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What’s that too-often quoted aphorism? “Good artists copy; great artists steal”? In this nuanced conversation, biologist Janine Benyus speaks with Tim Brown, chief executive of IDEO, to discuss what’s really interesting about borrowing.

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Strange as it may seem, archaeologists often look to the sky to discover sites buried deep beneath the earth. Space archaeology, as it’s called, refers to the use of high-resolution satellite imaging and lasers to map and model archaeological ruins. TED Fellow Sarah Parcak makes extensive use of this technology in her work. She explains why it’s so useful.

Biocouture's biomaterial can be grown in a vat filled with a sugary green tea solution using a kombucha culture. Once the layer of microbial cellulose is sufficiently thick, it is harvested, washed and allowed to dry. After the water evaporates it resembles a vegetable leather. Image courtesy Biocouture.

What might our clothes look like in 50 years? Textile designer Suzanne Lee thinks the answer lies far beyond the traditional borders of fashion design. She’s experimenting with making materials from living organisms. Might we really wear a bustier made of bacteria? Lee makes her case.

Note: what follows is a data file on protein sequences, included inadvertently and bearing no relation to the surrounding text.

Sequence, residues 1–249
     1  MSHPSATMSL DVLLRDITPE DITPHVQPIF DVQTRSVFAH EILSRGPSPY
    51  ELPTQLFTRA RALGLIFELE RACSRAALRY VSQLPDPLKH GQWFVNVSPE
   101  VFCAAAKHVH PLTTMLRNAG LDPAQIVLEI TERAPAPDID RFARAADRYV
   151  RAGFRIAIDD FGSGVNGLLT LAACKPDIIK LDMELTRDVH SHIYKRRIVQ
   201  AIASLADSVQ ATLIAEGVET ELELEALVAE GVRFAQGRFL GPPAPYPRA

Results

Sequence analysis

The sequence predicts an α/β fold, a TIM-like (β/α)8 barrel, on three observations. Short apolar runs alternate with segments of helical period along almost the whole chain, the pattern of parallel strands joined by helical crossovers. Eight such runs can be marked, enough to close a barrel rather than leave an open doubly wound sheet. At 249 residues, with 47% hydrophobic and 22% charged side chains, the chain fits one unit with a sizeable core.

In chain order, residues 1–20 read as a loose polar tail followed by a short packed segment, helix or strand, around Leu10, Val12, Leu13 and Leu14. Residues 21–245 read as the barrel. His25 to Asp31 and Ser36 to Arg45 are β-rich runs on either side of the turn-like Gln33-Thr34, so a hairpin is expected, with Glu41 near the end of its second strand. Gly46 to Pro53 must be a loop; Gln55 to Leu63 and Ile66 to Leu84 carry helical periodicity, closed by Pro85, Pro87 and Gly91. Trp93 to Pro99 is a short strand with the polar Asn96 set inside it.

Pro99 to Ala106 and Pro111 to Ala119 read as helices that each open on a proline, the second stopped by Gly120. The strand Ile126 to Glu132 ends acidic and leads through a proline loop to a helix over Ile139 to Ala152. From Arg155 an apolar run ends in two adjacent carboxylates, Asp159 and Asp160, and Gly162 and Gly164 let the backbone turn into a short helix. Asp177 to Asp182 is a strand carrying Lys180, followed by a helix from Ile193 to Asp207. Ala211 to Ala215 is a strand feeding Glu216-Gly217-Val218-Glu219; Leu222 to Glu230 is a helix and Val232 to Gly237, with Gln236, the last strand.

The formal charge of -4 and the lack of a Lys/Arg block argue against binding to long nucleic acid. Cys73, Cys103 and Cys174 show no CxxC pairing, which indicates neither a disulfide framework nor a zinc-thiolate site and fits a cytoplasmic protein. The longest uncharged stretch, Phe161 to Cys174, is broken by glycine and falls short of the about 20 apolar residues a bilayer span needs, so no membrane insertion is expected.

Color infrared imagery of a gold mine in western Turkey taken by SkySat-1 on December 25, 2013. Photograph courtesy of SkyBox Imaging.

The team behind the SkySat-1 satellite is combining technologies from a half-dozen consumer products to upend the insular business of satellite imagery. Google just snapped up the firm for $500 million.

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Writer Seth Godin explains why it’s absolutely fine if you steal his ideas … you have to promise to make them better.